Special Education Expert Presents Music Education Strategies & Strengths

Tuesday, at Shema Kolainu Hear Our Voices, Stephen Shore Ed. D. held a workshop on music education for children on the autism spectrum. Shore completed his doctoral degree in special education at Boston University and now teaches at Adelphi University in New York. Having been diagnosed on the autism spectrum and non-verbal until the age of 4, Shore brings a unique perspective to the field of special education. He attributes much of his success to the comprehensive interventions his parents guided and the music education he received from an early age. Subsequently, his approach to education is one of both specialization and inclusion. Shore’s strategies are developed particularly for the varying abilities of autistics, but are applicable for neurotypical education as well, allowing for integrated classrooms. While music is often recognized for it’s therapeutic benefits, Shore’s focus is not therapy, but structured, sustained education. Today’s workshop demonstrated the potential of music education to increase communicative abilities, strengthen neurological development in youth, foster social inclusion, and provide potential career paths for those with Autism Spectrum Disorders. Shore charismatically relayed stories of his students’ astonishing talents. One anecdote told of a non-verbal young man who, when guided hand-over-hand while playing piano, sang clear as day. Shore suggests that the structure, support, and focus the student experienced while guided to play the piano enabled him to sing, though he could not speak typically. Drawing from examples of students demonstrating expert knowledge in areas, who are unable to express understanding through certain mediums, Shore makes the case for specialized assessments in education in general, not just for students with developmental disabilities.

Check out Dr. Stephen Shore’s work and many publications at his website: http://www.autismasperger.net/. The workshop, ‘Music for Children on the Autism Spectrum,’ will be streaming soon—stay tuned to see Dr. Stephen Shore speak

Autism Education Expert, Stephen Shore, Presents Workshop ‘Music For Children On The Autism Spectrum’ At Shema Kolainu

Tomorrow, Shema Kolainu Hear Our Voices will be holding a workshop on ‘Music for Children on the Autism Spectrum.’ Presenting the workshop will be expert Stephen Shore Ed. D., Assistant Professor in the Department of Special Education at Adelphi University. Shore is an inspiring individual who is on the Autism Spectrum himself. Having been nonverbal until the age of four and having completed a doctoral dissertation on the needs of those on the autism spectrum at Boston University, Shore is a testament to education and therapeutic strategies. He will be making a case for inclusion of autistic children in typically music courses as well as individualized music training and therapy as a means of communication development. Shore asserts that the “structural regularity” of music aids autistic children with communication in varying ways, contingent on their place among the spectrum. For non-verbal children, music may serve as the form of communication itself. Shore’s musical methods go further than skill development, drawing ideology from the proven physiological benefits of music as well. On Shore’s website testimonial for music therapy, he references a study performed by a neurologist/musician at Beth Israel Hospital, which showed an area of nerve fibers that transmits signals between the two brain hemispheres to be 12% thicker among keyboard players who began training before 7 years of age. To register for Stephen Shore’s workshop ‘Music for Children on the Autism Spectrum’ at Shema Kolainu Hear Our Voices click here! The workshop is April 16th, 2013 at 10 AM. Learn more about Stephen Shore’s work at his personal website or his Adelphi University page.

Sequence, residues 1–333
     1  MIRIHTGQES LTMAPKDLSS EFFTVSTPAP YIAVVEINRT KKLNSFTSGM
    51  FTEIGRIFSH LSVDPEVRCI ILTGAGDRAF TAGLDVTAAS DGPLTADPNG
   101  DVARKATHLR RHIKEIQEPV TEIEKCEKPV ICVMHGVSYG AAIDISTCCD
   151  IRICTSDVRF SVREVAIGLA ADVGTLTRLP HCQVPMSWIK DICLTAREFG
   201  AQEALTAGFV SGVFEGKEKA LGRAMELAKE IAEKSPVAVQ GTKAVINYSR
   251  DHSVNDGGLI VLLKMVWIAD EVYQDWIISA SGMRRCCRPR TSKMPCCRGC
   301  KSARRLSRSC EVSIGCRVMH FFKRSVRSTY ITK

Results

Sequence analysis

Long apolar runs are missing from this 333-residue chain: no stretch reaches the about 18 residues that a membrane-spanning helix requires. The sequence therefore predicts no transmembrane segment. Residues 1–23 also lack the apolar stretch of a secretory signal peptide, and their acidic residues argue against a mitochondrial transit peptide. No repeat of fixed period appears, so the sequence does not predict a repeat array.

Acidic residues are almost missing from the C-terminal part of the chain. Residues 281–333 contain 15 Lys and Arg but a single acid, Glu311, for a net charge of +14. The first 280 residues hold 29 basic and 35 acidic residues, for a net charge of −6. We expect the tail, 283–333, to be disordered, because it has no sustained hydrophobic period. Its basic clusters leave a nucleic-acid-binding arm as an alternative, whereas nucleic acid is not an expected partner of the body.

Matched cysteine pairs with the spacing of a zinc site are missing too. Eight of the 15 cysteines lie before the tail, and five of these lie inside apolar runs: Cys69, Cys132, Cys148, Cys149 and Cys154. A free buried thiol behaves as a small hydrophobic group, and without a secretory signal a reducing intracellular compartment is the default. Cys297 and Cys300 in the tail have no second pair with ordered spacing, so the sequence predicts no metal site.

Fighting Autism with Music

The difference music can make for children

Music therapy has been practical in the treatment of autism. Autism is a neuro-developmental disorder that affects children, and its effects can be seen as early as infancy. Symptoms may appear at the age of six months, and the disorder is established before the child reaches three years of age.